Offline Access Management for IRM Encrypted Documents


Perhaps the most frequent of frequently-asked-questions about IRM was put to me recently by one of my Irish colleagues:

If you have to get IRM decryption keys and access rights from an IRM server, how does that impact offline access to documents and offline creation of new documents? How do I ensure that business users can keep working when they are on customer premises, or sitting on a plane, or simply disconnected from the net for whatever reason?

All IRM solutions have, on the face of it, a similar answer: keys and rights may be cached for offline use for a defined period. Your cached rights enable you to keep working, but not indefinitely.

Offline access issues resolved? Well the devil is in the detail - and we believe that Oracle IRM offers the best available balance of security, usability, and manageability.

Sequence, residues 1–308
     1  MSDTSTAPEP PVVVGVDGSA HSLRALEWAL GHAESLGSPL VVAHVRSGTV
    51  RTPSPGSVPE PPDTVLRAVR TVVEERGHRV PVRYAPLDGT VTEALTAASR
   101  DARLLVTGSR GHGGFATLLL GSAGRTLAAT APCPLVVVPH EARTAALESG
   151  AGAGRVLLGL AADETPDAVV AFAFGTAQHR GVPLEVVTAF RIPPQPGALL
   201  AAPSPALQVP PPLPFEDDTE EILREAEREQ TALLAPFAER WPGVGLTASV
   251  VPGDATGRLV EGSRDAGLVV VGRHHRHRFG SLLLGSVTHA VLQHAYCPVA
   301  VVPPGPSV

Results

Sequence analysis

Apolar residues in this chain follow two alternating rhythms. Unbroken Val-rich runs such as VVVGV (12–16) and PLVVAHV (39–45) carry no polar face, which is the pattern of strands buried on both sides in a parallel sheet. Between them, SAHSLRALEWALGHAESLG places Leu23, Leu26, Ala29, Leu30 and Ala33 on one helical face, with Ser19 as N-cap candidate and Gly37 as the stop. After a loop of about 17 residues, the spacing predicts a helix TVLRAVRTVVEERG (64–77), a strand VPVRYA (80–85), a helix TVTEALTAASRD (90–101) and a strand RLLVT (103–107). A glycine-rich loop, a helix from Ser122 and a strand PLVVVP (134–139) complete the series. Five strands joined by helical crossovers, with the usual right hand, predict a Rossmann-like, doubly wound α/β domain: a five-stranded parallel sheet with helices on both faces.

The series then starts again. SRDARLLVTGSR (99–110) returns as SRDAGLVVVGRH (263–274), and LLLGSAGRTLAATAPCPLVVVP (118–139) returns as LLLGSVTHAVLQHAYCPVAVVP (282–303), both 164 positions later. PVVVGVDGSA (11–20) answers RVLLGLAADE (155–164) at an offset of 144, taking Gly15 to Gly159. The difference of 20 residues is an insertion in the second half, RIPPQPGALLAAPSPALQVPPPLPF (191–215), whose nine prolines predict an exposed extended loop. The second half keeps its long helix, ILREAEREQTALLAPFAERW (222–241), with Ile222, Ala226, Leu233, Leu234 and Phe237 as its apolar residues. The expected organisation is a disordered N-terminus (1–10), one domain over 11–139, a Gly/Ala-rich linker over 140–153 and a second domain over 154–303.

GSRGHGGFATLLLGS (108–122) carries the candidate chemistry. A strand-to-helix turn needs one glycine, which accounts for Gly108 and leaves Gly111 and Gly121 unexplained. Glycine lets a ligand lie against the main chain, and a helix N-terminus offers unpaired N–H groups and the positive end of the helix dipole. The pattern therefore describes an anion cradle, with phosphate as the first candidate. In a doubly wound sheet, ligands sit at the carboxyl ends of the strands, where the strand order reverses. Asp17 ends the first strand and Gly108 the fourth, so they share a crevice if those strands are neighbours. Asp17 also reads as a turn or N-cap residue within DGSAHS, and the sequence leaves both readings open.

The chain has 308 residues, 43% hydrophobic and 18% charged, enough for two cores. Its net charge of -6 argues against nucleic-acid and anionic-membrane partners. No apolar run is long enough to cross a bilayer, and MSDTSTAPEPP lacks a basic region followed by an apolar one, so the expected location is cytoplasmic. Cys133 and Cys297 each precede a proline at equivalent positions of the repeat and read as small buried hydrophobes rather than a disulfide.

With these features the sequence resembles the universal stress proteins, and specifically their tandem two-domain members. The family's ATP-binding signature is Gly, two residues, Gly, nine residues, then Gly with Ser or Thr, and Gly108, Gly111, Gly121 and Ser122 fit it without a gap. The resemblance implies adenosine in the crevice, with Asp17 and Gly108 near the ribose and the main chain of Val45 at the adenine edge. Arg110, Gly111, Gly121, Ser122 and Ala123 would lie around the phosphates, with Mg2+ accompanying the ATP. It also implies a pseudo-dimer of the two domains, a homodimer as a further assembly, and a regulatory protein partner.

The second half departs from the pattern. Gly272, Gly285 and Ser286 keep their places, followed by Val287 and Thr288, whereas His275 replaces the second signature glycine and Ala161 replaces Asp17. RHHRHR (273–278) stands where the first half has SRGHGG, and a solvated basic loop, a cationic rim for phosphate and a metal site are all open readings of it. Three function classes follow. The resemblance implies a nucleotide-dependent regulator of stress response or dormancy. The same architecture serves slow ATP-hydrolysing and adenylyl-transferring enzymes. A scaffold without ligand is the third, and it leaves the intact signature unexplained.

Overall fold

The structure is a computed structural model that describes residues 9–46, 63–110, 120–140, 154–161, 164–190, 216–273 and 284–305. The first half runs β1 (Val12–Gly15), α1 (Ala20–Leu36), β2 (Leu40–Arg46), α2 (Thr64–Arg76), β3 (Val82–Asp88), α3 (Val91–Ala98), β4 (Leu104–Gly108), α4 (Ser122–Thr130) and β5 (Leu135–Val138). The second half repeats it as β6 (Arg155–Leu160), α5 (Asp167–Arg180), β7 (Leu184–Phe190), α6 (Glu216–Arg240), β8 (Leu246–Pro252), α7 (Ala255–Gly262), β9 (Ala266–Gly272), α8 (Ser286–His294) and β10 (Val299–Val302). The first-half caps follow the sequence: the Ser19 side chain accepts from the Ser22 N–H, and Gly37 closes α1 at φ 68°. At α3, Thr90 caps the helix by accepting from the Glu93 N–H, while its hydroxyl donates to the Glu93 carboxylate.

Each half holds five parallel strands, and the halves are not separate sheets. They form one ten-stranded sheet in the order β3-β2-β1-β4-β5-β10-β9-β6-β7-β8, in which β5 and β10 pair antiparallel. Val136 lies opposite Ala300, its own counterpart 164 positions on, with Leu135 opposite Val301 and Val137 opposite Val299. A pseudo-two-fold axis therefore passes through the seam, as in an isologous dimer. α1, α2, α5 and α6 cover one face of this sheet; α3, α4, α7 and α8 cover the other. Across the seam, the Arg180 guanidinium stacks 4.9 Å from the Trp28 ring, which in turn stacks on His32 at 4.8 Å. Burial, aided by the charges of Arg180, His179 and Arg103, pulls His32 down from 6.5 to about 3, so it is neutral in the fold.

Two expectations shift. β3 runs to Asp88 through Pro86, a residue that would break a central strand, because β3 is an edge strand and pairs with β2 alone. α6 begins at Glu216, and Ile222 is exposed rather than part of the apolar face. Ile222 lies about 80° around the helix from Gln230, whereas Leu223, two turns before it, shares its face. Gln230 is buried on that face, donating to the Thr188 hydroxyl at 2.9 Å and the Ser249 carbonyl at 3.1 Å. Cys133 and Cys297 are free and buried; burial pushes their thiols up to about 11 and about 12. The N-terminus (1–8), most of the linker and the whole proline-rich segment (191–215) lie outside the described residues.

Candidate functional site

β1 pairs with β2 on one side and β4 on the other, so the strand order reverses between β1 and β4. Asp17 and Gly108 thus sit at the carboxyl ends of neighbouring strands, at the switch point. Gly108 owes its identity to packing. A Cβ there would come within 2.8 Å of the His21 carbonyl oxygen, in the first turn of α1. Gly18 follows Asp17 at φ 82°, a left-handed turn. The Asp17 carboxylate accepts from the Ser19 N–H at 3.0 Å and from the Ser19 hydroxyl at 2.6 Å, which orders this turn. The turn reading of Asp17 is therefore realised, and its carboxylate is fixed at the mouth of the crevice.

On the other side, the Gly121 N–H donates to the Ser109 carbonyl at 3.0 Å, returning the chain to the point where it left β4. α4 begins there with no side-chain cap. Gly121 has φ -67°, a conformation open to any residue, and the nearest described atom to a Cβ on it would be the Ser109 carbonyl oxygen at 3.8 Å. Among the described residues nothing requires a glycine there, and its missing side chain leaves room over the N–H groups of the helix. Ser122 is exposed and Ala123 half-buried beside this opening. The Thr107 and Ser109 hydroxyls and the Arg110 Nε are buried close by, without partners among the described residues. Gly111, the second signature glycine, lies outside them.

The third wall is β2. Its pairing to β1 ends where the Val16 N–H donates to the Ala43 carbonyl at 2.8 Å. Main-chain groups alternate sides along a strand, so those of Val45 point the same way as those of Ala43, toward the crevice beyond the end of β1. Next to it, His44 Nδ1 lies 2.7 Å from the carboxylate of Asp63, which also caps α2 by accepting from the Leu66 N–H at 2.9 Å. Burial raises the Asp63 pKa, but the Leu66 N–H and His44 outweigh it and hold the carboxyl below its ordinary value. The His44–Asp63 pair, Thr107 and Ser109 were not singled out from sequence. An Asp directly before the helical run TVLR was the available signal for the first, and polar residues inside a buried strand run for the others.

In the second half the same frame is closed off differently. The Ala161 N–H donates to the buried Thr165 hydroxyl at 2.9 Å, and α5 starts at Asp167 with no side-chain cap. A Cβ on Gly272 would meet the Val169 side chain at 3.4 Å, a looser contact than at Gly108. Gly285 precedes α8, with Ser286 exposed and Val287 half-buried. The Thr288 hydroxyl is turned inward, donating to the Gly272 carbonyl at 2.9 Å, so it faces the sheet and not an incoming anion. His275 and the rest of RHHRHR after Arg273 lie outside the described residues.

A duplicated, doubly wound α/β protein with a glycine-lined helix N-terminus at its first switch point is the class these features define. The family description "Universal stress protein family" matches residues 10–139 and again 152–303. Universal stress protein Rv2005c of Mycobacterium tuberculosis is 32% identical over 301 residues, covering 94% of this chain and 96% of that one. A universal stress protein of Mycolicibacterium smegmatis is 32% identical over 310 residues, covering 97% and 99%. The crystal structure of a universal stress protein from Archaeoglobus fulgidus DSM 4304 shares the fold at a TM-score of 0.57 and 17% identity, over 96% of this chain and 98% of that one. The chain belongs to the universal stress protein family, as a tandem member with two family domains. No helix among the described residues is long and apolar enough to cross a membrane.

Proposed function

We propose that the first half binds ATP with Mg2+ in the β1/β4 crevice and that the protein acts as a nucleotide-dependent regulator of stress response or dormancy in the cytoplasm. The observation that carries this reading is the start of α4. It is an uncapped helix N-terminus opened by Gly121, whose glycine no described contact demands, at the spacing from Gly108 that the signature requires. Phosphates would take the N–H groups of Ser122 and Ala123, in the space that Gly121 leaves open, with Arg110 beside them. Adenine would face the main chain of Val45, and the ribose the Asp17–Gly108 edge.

How so? First, let's consider how most solutions handle offline periods.

How Most Solutions Manage Offline Periods

With most solutions, every document is evaluated separately. So, when you first open Document-A, you contact the server and obtain the keys and rights for Document-A, and typically you are permitted to cache them for the offline period defined for Document-A. The clock starts ticking immediately for Document-A.

You then want to open Document-B, and you need to contact the server again because opening Document-A has no bearing on whether you can open Document-B - even if the two documents are supposedly subject to the same policy. Having been authorised to open Document-B, the clock starts ticking for Document-B. And likewise for Document-C and so on for each document you access. So, you have contacted the server several times, and now have cached rights and keys for several documents, and independent timers running for each.